MongoDB works very well with small reads and writes, assuming you manage to keep your working set in RAM.  Compounding that with ease of schema evolution and the replica set functionality for easy read scale and failover creates a solid case to investigate MongoDB.  In fact, this rule can be pushed out to any situation where writes can grow out of hand for a single database instance.  When you find yourself needing to support growth of writes, those writes being small and numerous, you need to ask if you want to a) design the writes away (easier said than done) b) functionally partition the workload or c) shard.  MongoDB’s autosharding is nice, though not perfect - and there are gotchas PalominoDB can assist you with.  Depending on other variables mentioned earlier, MongoDB might be a solid fit for this part of your workload. Disney’s Interactive Media Group offered a great presentation at the annual MongoSV conference on how they use MongoDB in their environment. 

other solutions:

  • MySQL or PostgreSQL with sharding

pros: Skillsets are more readibly available, and can support existing tools for managing the RDBMS infrastructure.  

cons: Games require significant schema modifications in early iterations, and these can prove expensive and impactful.  Extensive development and QA hours and increased complexity come hand in hand with writing your own sharding.

  • Cassandra

pros: Skillsets are more readibly available, and can support existing tools for managing the RDBMS infrastructure.  Reads are easily scaled in known patterns in the relational database world.

cons: These will vary by use case, and will be addressed in a further post.  A generalization is that MongoDB is easier to setup and manage in smaller environments or for companies constrained by resources.

 

Log Centralization

Asynchronous (and speedy!) writes, capped collections for space management and the flexibility of a schemaless database (since attributes in logs tend to pop up like mushrooms after a rainstorm) are often cited as key benefits for using MongoDB to store logs.  Admittedly, one could build a queue to push data asynchronously into an RDBMS, and partitioning plus a few scripts could duplicate the space management features of a capped collection.

MongoDB and Cassandra both do this well.  Cassandra is arguably the better choice for massive scale and works well in a multi-datacenter environment.  However, MongoDB is much easier to use, manage and query. The size of the client, the skill-set on hand and the availability needs will help us here.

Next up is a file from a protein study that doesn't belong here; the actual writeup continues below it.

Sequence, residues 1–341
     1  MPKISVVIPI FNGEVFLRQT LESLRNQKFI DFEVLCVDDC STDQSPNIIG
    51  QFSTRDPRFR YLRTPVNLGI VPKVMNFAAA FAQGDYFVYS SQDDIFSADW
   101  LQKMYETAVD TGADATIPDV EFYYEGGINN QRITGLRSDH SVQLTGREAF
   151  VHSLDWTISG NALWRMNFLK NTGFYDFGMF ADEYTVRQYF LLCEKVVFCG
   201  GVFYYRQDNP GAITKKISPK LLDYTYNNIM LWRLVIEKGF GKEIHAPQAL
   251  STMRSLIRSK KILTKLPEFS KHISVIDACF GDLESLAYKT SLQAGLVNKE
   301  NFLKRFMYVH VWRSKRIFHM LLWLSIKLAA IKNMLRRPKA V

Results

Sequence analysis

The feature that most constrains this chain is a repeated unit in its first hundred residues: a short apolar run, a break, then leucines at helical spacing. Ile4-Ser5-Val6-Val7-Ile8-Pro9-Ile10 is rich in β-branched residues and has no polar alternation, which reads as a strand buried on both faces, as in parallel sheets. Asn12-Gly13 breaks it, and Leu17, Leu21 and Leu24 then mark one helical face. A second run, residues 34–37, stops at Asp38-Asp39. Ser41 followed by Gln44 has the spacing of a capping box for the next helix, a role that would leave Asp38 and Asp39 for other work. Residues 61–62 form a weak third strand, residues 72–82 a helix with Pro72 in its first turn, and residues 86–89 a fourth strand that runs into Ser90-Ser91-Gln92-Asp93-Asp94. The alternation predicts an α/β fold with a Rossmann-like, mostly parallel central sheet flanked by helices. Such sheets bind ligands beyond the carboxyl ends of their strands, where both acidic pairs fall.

other solutions

  • Percona’s XtraDB w/socket handler and MySQL partitioning, XML datatypes

pros: MySQL familiarity, reuse of MySQL infrastructure (backups, monitoring etc...)

cons: Socket Handler is still somewhat buggy, partitioning requires scripts and XML is not easily queried.

  • Cassandra w/TTL data

pros: multi-datacenter support makes this more viable than MongoDB.  

cons: These will vary by use case, and will be addressed in a further post.  A generalization is that MongoDB is easier to setup and manage in smaller environments or for companies constrained by resources.

 

Queue Implementation

MongoDB implements its internal replication using tailable cursors and capped collections, and the same features are useful to build simple persistent network-based queuing (distributed message-passing) implementations rather than using a “proper” queueing package. One such implementation is described in detail on Captain Codeman's Blog. Building your own queueing mechanism on top of a DBMS can be suboptimal, but one organization did so because they already had MongoDB expertise on-staff and had difficult performance problems with ActiveMQ.

other solutions

  • ActiveMQ, RabbitMQ. 

pros: proper queueing solutions. Known and documented problems or solutions.

cons: more brittle, more difficult to set up, and less performant if your queueing needs are extremely simple.

 

In summary, MongoDB, either on its own or in a hybrid environment with other technologies, is a wonderful choice for many of the most common use cases and business challenges our clients face. Helping clients make these complex decisions, and working together on the installation, management and optimization of these tools is our core business, and we encourage you to get in touch if you’d like to explore using MongoDB in your own environment.